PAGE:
Over-dosing Prime reduces oxygen??


Feeder Fish
MFK Member
May 5, 2009
Seachem;3277795; said:
Hi everyone. I spoke with our Research Director this morning and here is the information he provided in regard to the buildup aspect of Prime:

Prime binds to things, such as ammonia, by forming salt complexes (specifically with ammonia, an imidium salt is created). This is also the nature by which it dissipates, or becomes no longer available. It is through this formation of salts that the Prime does not remain in its original form. The true way to remove these no longer active salts is through the common practice of water changes.

I am going to go through the last few posts and see which questions still have yet to be answered and try to work through them today. Thanks for all of the interest in this topic!
i dont know if your getting to the bunch i posted or not, there alittle off topic, but I rarely feel like i get a chance to get a question answered to go in to the detail you do. these are the main ones i had.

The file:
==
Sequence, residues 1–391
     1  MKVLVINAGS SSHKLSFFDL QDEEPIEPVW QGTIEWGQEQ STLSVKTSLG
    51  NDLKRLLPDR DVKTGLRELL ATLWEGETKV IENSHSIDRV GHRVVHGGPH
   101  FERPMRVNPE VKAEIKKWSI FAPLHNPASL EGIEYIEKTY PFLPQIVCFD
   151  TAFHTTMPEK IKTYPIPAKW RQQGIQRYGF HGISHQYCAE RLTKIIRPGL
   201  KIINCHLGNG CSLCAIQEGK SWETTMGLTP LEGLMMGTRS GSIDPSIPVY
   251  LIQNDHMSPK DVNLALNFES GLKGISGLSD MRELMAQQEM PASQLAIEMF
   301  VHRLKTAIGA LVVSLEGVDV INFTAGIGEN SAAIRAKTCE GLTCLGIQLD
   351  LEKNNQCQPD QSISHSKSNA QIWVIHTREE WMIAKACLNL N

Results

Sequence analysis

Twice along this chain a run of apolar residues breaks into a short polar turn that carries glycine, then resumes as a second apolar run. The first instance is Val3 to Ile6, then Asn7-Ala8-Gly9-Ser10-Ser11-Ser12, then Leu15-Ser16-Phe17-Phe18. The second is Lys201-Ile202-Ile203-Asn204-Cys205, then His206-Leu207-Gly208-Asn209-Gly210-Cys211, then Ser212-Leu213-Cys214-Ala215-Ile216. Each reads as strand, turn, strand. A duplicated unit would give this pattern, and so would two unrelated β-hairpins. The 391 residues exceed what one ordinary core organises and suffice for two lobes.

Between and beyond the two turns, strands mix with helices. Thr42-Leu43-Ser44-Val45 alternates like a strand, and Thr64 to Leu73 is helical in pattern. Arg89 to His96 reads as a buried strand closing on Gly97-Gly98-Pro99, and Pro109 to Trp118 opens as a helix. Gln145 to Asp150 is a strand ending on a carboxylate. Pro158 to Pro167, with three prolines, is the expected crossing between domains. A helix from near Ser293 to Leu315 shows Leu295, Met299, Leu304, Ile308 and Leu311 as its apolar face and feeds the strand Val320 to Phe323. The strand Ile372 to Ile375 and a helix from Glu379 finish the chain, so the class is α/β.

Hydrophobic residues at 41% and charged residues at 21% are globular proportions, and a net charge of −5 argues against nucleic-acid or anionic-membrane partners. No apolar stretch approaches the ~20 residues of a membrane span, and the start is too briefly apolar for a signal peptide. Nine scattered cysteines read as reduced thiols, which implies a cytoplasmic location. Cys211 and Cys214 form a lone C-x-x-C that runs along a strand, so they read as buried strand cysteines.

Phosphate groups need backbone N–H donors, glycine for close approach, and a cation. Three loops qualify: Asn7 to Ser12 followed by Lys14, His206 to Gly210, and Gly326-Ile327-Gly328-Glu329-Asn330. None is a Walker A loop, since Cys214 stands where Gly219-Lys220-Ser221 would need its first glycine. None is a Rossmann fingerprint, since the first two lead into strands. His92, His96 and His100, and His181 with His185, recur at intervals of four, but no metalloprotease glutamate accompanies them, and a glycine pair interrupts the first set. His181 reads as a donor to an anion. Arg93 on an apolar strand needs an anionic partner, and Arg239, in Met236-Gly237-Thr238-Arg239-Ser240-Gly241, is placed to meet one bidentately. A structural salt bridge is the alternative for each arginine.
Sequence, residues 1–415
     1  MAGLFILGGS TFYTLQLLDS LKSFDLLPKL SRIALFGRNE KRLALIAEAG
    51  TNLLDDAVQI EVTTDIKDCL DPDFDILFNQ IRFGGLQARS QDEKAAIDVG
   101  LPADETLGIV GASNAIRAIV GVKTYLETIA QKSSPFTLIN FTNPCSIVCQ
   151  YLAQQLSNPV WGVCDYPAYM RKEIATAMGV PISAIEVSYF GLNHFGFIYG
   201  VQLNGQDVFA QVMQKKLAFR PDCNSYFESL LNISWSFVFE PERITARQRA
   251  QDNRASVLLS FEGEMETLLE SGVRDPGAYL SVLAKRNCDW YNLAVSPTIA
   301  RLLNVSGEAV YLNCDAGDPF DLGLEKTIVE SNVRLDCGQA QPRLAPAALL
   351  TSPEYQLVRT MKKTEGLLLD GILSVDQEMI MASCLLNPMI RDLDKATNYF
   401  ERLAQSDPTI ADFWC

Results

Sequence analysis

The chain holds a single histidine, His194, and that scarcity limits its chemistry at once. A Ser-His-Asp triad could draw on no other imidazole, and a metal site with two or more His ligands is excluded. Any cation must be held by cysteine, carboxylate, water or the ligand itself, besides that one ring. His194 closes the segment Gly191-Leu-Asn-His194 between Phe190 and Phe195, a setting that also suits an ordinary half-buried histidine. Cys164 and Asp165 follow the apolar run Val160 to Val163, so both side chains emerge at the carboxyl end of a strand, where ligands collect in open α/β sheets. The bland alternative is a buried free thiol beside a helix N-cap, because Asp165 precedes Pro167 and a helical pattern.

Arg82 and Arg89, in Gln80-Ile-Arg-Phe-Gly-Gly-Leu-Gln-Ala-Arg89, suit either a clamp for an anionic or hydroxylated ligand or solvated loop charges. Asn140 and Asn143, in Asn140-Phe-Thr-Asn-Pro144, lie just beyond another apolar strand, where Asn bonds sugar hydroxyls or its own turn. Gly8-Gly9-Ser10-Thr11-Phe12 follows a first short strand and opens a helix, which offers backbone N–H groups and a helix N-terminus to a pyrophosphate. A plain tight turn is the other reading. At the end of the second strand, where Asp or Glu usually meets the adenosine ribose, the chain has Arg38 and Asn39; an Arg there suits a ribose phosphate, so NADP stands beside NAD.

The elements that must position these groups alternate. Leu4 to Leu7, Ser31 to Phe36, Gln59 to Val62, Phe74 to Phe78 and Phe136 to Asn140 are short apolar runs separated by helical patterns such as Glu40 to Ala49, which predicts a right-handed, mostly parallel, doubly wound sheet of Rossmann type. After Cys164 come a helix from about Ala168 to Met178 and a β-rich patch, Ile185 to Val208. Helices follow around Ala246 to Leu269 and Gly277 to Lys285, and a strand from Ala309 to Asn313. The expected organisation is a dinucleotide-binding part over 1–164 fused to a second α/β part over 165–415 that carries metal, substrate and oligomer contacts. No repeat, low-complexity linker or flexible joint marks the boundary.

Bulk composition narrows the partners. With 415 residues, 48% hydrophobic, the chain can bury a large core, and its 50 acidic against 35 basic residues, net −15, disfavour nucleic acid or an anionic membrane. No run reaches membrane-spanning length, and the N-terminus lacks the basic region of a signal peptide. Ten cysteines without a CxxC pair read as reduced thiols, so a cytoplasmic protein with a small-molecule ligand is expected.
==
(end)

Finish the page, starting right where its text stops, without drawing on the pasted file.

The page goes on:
whats the shelf life of prime? is prime ruined if left uncapped for a long time?

can plants use they cyclic amine the ammonia is converted into? what about the detoxed nitrites and nitrates?

from some post(of questionable source) i have read, lead me to believe the detoxified nitrates and nitrites are only detoxified for a limited amount of time. is this correct?


Fire Eel
MFK Member
Jun 21, 2007
Charlotte, NC
Prime has an indefinite shelf life… Per Tech support’s statement in their forum here… http://www.seachem.com/support/forums/showthread.php?t=2767 Per my understanding (Seachem please correct if I am wrong) Prime will not “go bad” if left uncapped, being exposed to ammonia, nitrite, chlorine, etc, etc is what sparks the chemical reaction that depletes Prime.

“Prime® also contains a binder which renders ammonia, nitrite, and nitrate non-toxic.”
It should be noted that Seachem does not claim Prime “removes” ammonia, nitrite or nitrate, but instead it binds them in a “non-toxic” state… this statement is quoted from Seachem’s site here (Why it’s different, second paragraph)… http://www.seachem.com/Products/product_pages/Prime.html

“The nitrates will be detoxified for up to 48 hours” This statement was made by a Seachem Rep on their forum in this thread - http://www.seachem.com/support/forums/showthread.php?t=2679

De*nitrate is a product by Seachem that claims to support bacterial growth that can consume nitrates. I have no personal experience with this product and am simply mentioning it here in response to a question because I have “heard of it”… http://www.seachem.com/Products/product_pages/denitrate.html